Counterstrike: Do I read this right?

BWG says that the Strike portion of Counterstrike does not suffer from disadvantages from weapon length or vying for position. Can that be right?

I am holding a dagger. My opponent is holding a spear, and has won advantage. I have a +4 Ob to all attacks… unless I use Counterstrike. Is that really correct?

I do note that the Counterstrike chart does not list tests vs Avoid, Block, Counterstrike, Feint, Charge, or Throw actions. Does the Strike portion of the CS simply use the Strike chart against those actions, or does the Counterstrike simply fail altogether?

It fails altogether. Counterstrike is a parry and a riposte - the fact that your opponent attacked is what gives you the opportunity to strike him. (It does seem a bit of a stretch with butterknife vs. pike, but who cares.) If he doesn’t strike, then no fancy riposte for you.

This has been much discussed with our resident Fecht Meister. And it’s accurate.
You must imagine that every action comes with a movement. Never are the characters standing flat-footed and flailing their arms. They are sliding, whirling, advancing, skipping and ducking.

So the knifeman takes the opportunity to skip in, slash at his foe and skip out again. All in the blink of an eye.

Touché. :slight_smile:

Except why the guy with the butter knife vs the pike would skip out again seems a bit silly. So probably the pike men pushes the guy back out with the pole from his weapon.

I can see it. I’m holding a knife. I’m able to knock the spear tip aside and reach in for a Strike. I can hit him, but I’ve lunged into a vulnerable position from which I must recover from while the spear man scuttles back to maintain his advantage. In order to actually get an inside advantage with my knife, I need to get past the spear point to a position from which I can make attacks without a major shift in my center of gravity.


What about Counter-Strike vs Block?

Using the Butterknife vs Spear example. You would think that the spearman would get to levrage his reach advantage.


In CS vs. Block there is no interaction. Nothing happens as both fighters are waiting for the other to make a move.

The spearman gets an advantage for nearly every other action. This is one instance when he is at a small disadvantage. Perhaps if he’s afraid of Counterstrike, he should use a Feint.

Fair enough. I was just wondering if there was something I wasn’t seeing.

edit: no wait. I think I’ll go on a “Spear is nerfed I’ll never play BWG rampage” grin


What am I missing? I don’t understand the confusion that is being discussed between you guys, Luke and nkenny. How is the spearman being slightly disadvantaged in this instance?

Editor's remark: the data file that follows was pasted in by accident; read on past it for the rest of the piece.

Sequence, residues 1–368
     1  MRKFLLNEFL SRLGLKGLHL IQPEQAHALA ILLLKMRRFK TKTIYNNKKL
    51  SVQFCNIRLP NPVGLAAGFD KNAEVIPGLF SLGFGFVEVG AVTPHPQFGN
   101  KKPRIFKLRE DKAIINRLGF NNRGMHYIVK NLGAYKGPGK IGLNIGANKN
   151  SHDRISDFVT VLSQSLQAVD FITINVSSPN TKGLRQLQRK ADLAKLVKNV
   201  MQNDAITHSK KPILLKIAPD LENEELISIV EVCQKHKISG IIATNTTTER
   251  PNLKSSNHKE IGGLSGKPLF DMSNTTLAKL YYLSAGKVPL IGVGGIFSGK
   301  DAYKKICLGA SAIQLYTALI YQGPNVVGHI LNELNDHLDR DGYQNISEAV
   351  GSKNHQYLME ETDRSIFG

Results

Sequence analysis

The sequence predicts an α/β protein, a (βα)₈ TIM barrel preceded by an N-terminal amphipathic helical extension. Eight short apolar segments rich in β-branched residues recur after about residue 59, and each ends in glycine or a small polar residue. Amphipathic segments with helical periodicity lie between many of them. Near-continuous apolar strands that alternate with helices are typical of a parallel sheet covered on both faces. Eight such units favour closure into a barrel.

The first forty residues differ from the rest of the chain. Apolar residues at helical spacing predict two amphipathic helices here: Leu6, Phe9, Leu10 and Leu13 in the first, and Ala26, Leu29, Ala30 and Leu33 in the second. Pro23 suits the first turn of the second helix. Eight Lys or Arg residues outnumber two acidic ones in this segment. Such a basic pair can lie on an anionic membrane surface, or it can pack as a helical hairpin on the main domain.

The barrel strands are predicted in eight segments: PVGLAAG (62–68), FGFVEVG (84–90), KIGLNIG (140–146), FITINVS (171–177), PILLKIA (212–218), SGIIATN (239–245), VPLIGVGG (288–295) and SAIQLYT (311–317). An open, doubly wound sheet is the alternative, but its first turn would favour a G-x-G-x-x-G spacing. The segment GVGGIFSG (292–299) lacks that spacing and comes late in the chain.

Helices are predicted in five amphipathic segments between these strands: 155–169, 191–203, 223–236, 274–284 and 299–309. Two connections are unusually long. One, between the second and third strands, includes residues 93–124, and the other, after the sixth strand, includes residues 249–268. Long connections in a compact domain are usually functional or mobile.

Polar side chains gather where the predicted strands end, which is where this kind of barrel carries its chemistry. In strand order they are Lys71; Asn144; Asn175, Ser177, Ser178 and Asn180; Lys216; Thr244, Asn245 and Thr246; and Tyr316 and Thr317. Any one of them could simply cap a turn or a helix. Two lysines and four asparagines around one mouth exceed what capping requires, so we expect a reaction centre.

Counter-Strike (aside from its weakness to feints) is mechanically superior to Strike if you are fighting with a disadvantage. This is at its most extreme when a unarmed fighter faces someone with a spear. The reason for this is that the STRIKE portion of the counterstrike doesn’t suffer any obstacle penalties for your opponents advantage as determined by his weapon compared to yours. This is conceptually sound aside from a few odd situations such as the aforementioned Knife vs Spear example above.

Mind you I agree with the system as written. Its far to much of a bother to make a specific ruling for just such a case. Counter-strikes and Feints just got that much more delicious.


edit: added example

Knife vs Spear (advantage)

#1 Strike(knife) vs Block(spear)
Weapon skill vs Block successes + 4 Ob (advantage)

#2 CounterStrike(knife) vs Block(spear)
Weapon skill - 1 dice (for defense portion of counter strike) vs Block successes

Counterstrike is clearly the best option… until the spear user feints and schools your ass.


Except Counterstrike doesn’t trigger against Block :wink:

Right, comparing the strike-half of Counterstrike to Strike when paired with various actions, there are ups and downs:

vs Strike: Weapon Skill -1d (minimum you can allocate to the Block half) vs Ob 1
vs Block: No action
vs Feint: No action, plus you get hammered on

vs Strike: Weapon Skill vs Ob 1+advantage
vs Block: Weapon Skill, subtract advantage, vs Block successes
vs Feint: Weapon Skill vs Ob 1+advantage, opponent takes no action.

Now, obviously you’d have to observe a lot of fights and count actions to determine which is actually better, since it depends on how often people tend to script each action. But obviously there are situations where Counterstrike is a bit better (when they try to hit you while they hold the advantage), and situations where it’s always worse (when they feint) and situations where it probably doesn’t matter much (if I’m blocking while you’re at +4Ob, you aren’t gonna hit me. Now, you’re better off with a Strike so you can log that juicy Knife test, but just in terms of the fight it doesn’t really matter).